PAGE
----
If a smart person like my friend who employs 100 people, does not know what to do ten years hence, what will these 100 people know about their future?  I am definitely a positive guy but as of now, I am also flummoxed! Yes, there will be solutions, but people will have to make massive changes in their thinking. In whatever new industries come up, people will have to retrain massively to join them. When a lathe was replaced by machining centers, it affected a small group of people world over. But the advent of EV’s is going to create a tsunami and will create more Lathe Joshi’s in the initial period, as there will be millions and millions who will have to adopt! Retrain, re-skill from today? What skills will not be obsolete 20 years hence, I do not know!  

 

EV’s! The Eco System Disruptions!

Below is an article which informs us about governments seriousness regarding introduction of EV’s in India. It is hoped that at least 30% of all new new vehicles by 2030 will be EV’s. Last year, government ordered 10000 EV’s and there is a plan to order the same quantity this year too! Government is also encouraging bus fleets to buy Electric buses. Himachal Pradesh has ordered 25 such buses and are being run in hilly areas. I saw a few of them plying, during my recent holiday in Manali.

http://www.downtoearth.org.in/news/centre-launches-national-e-mobility-programme-10-000-more-e-vehicles-to-be-procured-59845

What EV’s are going to do to various Eco Systems? When we discuss EV’s, discussion is about pollution, how long petroleum products will last etc. There is also a discussion about petroleum cartel holding human race to ransom. But there are many more disruptions that need to be considered. These are not only for individuals but for various agencies like government, businesses and many other systems. These need to adapt, change and modify to suit new environment created by the EV’s.

Take the case of governments tax collection. Tax collected on petroleum products are so huge that these are almost 100% of the price of the petroleum products. At every stage tax is collected. From refining, to distribution to sell. Both central and state governments will start losing this revenue when critical mass of new EV’s is reached. 2030 as indicated in the above mentioned article, may be that year. Government needs to find methods to make up for this revenue loss. Not all revenue will be lost but there will be a loss of big chunk. Another issue is the “fuel” that will replace petroleum products will be electricity which traditionally is being manufactured in Public sector. This fuel cannot be taxed very heavily,  as its usage will be multi-purpose, vehicles, industrial and domestic usage.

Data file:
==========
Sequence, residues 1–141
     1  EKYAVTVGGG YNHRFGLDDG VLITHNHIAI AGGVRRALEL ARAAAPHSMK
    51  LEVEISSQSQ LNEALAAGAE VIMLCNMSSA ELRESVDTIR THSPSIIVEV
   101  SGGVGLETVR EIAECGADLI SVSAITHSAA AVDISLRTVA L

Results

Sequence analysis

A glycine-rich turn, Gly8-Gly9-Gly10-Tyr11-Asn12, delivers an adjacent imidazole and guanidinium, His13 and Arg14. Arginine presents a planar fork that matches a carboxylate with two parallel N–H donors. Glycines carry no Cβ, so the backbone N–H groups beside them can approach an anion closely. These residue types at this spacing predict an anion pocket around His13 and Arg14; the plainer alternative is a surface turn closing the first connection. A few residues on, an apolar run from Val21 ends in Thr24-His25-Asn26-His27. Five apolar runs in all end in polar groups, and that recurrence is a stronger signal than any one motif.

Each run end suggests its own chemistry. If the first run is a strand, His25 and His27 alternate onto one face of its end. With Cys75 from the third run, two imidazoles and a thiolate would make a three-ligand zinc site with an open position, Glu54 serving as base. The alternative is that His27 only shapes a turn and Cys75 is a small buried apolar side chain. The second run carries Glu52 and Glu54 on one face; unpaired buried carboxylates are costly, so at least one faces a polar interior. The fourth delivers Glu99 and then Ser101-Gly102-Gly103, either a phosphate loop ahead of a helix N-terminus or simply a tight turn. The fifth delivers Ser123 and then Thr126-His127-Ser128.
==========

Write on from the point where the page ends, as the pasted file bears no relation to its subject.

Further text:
Another major change that has to happen is the growth in production of electricity. If this continues to happen using petroleum products, then pollution will come out of chimneys instead of car exhaust systems. Main thrust appears to be on solar systems but they will also have their own issues which need to be tackled in parallel with increase in production. Another method that is being undertaken is nuclear power. This will also help the ecosystem to achieve the same goals.

Why would people switch over to EV’s? In case of buses, since it is a public transport this can happen faster if funds are made available. These organizations are anyway public sector. Of course, cost of the vehicles needs to come down. From present knowledge, it appears that maintenance cost will be lower. With decrease in Electricity price, battery replacement costs may also become quite manageable over a period of time, due to mass production.

But the real numbers will be coming in cars. Why will people change over to EV’s, the cars? Cost of ownership is the going to be the answer. This is made up of Price of the Vehicle, Cost of servicing, cost of repairs, resale value and ease of use. To me the last factor is also very important though it is not a tangible factor. All other factors have been there in IC engine cars too! But this is a new factor that has come up. We are all used to just using the key to go where ever we want; if required, we go to the petrol pumps and fill it up! With EV’s it may not be as simple, to start with. We need to plan, we need to have cars that will give more mileage per charge. The current charging technology available takes about 30 to 40 minutes minimum, to fully recharge. How fast this technology will improve? Will the charging time reduce to 5 minutes or some such time? Only time can tell. This brings us to charging stations, which is going to be a factor by itself!